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Egyptian ban on trading foreign shares will limit investor losses: EFSA

New restriction for local brokerages is a necessary step to protect Egyptians, the head of the country's financial watchdog tells Ahram Online

Bassem Abo Alabass, Wednesday 6 Jun 2012
Egypt investors
Investors sit by a soldier guarding the entrance to Egypt's stock exchange (Photo: AP)
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Egypt's financial watchdog has defended the government's recent decision to bar local brokerages from dealing in foreign securities, saying it is necessary to save already wary local investors from more serious losses.
 
"If you have an Egyptian driving licence that doesn't mean you can drive in England," was the analogy used by Ashraf El-Sharkawy, head of the Egyptian Financial Supervisory Authority, when talking to Ahram Online.
 
He added if Egyptian brokerages obtain foreign licenses then they will also have the right to deal abroad but that current restrictions will help ease the losses of domestic investors.
 
The new market law does not apply to global despository receipts (GDRs) -- shares that are traded on both the Egyptian and foreign exchanges -- as they are related to Egyptian listed firms, El-Sharkawy pointed out.
 
A decree signed this week by Prime Minister Kamal El-Ganzouri amends Egypt's capital market law to make it illegal for brokerages and investment firms to deal in all foreign listed or unlisted securities.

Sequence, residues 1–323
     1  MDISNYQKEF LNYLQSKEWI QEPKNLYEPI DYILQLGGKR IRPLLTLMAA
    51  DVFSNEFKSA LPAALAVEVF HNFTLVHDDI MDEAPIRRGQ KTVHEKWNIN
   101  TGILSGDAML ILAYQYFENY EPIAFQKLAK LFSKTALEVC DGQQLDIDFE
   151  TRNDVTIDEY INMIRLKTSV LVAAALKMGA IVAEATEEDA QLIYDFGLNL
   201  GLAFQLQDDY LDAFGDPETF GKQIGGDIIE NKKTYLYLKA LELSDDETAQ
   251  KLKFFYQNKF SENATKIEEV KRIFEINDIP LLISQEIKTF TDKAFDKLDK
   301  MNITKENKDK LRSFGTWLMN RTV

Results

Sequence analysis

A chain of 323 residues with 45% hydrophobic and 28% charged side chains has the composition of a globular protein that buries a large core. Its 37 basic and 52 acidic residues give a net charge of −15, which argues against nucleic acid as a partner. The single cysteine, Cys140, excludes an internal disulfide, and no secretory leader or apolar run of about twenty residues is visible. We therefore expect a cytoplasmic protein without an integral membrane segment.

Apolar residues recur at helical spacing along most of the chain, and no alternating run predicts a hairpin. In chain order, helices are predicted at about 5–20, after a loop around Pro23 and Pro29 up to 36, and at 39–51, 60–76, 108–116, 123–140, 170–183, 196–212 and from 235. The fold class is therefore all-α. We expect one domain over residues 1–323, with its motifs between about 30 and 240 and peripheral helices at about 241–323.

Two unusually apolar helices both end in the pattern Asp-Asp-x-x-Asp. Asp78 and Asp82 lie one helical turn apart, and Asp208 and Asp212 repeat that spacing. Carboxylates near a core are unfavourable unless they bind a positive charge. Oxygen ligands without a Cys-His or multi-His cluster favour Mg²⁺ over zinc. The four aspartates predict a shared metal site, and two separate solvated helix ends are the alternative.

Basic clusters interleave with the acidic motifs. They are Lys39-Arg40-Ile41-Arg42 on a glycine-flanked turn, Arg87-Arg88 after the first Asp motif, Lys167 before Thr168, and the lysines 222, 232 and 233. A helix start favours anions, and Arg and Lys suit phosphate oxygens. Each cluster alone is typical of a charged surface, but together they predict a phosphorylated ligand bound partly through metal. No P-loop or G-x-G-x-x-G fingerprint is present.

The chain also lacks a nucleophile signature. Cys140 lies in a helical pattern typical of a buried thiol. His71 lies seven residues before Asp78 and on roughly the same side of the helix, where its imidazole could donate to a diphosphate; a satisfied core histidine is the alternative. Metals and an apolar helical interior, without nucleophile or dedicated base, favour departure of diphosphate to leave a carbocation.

In a statement on Monday, EFSA said it had received many complaints from people dealing with brokerage firms "stating that they have lost large sums of money as a result of following the guidance and advice these firms gave to invest through them in foreign securities traded on foreign exchanges".
 
Reuters reported objections to the move from brokerages, already troubled by falling revenues.
 
"It is a shame and I think the decision was taken too quickly, without understanding the effects," said Taimour El-Dreini, a trader at Naeem Brokerage.
 
He said the measure meant a "huge loss" for investment houses like Naeem, and suggested the main reason for the move was to limit outflows of foreign currency from Egypt, which has suffered a sharp decline in foreign reserves.
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